You’re writing a book. You care about this book. You want to finish the book. But you’re plagued by:
These characters are stupid. This story is stupid. This writing style sucks. This book is no good. I’m a rubbish writer. I’ll never finish this chapter/this part/this book. Writing is exhausting. Writing is taking over my life. Writing is painful. Writing is madness. Why on earth did it ever occur to me to write this ******* book!?
This, in a nutshell, is what it means to be writer. Having written professionally for more than a decade, I’ve come to know well the writing process, and to accept that self-doubt and I-don’t-wanna is part of that process. Early on in writing The Ceruleans I made the poster above and set it as my desktop wallpaper, and every day it reminds me to just trust the process. No matter what I think and feel in my writing career now, I trust that it’s part of the process – and then I carry on regardless.
Since making this poster, ‘trust the process’ has become something of a mantra to me. Laid low with stomach flu? Trust the process. Moving house and feeling adrift in your new place? Trust the process. Knee-deep in kids determined to (adorably) drive you to the brink? Trust the process.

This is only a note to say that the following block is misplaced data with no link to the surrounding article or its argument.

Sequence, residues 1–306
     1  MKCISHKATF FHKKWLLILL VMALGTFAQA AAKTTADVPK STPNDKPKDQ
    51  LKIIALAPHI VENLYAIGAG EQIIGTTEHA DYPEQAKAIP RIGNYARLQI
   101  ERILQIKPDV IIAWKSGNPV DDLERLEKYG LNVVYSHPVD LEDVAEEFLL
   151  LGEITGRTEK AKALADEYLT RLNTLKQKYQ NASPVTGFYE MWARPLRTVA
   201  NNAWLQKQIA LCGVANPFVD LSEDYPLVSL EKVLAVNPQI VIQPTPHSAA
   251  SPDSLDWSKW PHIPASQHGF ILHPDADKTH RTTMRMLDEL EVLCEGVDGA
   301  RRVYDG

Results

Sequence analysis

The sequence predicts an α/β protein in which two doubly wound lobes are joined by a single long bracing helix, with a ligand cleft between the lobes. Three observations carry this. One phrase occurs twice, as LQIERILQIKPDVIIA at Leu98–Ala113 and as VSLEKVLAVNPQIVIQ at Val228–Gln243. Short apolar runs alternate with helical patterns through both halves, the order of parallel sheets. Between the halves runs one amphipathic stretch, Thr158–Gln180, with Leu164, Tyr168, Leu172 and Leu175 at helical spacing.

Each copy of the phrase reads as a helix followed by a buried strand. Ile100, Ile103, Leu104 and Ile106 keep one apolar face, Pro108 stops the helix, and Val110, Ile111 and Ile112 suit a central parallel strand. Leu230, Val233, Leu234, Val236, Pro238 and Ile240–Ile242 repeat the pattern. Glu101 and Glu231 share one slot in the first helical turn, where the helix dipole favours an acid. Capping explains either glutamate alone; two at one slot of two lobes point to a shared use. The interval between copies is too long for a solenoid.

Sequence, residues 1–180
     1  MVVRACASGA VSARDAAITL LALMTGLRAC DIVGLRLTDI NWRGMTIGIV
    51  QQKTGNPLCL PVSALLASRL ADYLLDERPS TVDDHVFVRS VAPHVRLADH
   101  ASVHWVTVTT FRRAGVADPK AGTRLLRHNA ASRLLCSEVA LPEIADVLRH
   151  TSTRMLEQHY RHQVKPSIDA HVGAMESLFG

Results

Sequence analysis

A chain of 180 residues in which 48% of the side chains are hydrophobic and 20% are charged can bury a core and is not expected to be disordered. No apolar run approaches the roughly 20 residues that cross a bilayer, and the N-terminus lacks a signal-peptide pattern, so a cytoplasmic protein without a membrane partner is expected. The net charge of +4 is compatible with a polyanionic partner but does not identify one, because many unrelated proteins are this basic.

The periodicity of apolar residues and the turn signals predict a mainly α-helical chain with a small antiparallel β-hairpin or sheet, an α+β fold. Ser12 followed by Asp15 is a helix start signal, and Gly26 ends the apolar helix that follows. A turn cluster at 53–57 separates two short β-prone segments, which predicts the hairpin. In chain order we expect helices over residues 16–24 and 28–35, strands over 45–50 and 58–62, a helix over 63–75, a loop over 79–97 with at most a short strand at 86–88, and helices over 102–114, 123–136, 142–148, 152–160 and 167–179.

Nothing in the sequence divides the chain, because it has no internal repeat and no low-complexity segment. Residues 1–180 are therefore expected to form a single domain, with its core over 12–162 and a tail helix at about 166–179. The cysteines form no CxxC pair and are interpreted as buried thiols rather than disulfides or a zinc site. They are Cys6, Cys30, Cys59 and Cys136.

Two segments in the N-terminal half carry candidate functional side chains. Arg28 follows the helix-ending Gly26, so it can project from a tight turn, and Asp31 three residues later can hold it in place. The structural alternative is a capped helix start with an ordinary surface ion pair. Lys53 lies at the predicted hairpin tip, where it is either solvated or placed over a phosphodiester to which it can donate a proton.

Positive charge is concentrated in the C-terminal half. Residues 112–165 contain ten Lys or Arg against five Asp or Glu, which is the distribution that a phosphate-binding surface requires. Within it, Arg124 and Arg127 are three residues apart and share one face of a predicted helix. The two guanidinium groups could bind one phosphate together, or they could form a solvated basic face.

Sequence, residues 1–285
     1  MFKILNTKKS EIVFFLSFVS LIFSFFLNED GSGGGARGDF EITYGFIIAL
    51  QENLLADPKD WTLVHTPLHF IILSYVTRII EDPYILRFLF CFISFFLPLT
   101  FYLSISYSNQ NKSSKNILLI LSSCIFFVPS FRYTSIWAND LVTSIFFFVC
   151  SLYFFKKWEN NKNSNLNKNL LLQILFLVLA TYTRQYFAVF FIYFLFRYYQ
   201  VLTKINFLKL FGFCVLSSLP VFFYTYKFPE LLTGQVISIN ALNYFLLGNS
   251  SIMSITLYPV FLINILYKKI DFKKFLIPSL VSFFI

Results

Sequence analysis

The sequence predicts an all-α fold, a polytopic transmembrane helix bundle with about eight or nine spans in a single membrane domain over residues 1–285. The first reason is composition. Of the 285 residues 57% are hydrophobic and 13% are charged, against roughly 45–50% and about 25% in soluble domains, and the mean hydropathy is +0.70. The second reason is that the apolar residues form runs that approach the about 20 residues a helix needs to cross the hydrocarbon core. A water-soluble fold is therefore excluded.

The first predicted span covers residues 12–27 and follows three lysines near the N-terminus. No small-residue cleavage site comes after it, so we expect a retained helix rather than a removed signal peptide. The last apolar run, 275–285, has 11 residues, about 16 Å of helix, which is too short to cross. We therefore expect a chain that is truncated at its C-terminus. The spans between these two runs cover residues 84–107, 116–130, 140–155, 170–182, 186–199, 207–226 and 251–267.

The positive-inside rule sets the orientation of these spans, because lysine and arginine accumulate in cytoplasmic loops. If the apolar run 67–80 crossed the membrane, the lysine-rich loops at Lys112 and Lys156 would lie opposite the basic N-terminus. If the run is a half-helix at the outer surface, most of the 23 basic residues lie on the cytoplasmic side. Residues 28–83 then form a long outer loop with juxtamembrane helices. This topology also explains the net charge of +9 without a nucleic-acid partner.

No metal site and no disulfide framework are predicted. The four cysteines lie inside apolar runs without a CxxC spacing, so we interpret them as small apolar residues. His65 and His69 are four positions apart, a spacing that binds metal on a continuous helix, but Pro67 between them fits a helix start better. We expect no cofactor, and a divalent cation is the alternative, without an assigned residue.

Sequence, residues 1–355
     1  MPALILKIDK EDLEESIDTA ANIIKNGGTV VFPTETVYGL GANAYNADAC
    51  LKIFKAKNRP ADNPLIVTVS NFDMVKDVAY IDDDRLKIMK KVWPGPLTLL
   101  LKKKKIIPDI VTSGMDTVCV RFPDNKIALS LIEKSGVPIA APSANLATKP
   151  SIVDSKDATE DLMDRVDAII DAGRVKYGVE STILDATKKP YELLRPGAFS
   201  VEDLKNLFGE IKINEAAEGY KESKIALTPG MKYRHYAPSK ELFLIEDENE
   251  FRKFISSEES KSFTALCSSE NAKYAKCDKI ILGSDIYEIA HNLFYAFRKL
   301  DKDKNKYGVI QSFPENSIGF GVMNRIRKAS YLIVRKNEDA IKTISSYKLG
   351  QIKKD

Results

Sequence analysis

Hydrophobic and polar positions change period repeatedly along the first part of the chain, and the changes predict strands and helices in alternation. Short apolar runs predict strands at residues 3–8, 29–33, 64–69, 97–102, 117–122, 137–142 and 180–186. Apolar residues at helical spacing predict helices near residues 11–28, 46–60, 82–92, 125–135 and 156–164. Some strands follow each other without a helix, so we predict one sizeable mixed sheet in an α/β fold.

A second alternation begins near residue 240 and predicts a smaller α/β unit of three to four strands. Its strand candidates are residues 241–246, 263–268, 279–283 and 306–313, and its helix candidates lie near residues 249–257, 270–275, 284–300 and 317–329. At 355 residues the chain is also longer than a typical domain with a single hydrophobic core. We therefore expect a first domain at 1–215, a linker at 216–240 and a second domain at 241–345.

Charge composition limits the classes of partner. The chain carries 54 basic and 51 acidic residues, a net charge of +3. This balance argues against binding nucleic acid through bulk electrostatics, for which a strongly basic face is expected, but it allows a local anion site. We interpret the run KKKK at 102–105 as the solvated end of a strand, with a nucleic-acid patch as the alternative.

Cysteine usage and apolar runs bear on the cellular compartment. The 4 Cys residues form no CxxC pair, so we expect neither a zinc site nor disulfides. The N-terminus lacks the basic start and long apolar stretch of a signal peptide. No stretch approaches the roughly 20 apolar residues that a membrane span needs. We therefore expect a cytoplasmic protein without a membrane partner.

I even used this mantra while in labour with my daughter. In fact, I seem to recall bellowing it at a rather startled midwife at one point…
‘Trust the process’ stems, I think, from one of my favourite quotations. It’s from a book called When I Loved Myself Enough by Kim Mcmillen. (If you haven’t read Kim’s book, please do. It’s one of the gentlest, wisest, most affirming books I’ve ever read.)
When I loved myself enough… I knew I was in the right place at the right time and I could relax.